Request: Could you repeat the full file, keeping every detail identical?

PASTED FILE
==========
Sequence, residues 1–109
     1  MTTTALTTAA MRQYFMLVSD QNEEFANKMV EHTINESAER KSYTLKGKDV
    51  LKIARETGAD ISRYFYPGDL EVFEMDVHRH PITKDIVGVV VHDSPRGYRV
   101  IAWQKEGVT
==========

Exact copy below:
Sequence, residues 1–109
     1  MTTTALTTAA MRQYFMLVSD QNEEFANKMV EHTINESAER KSYTLKGKDV
    51  LKIARETGAD ISRYFYPGDL EVFEMDVHRH PITKDIVGVV VHDSPRGYRV
   101  IAWQKEGVT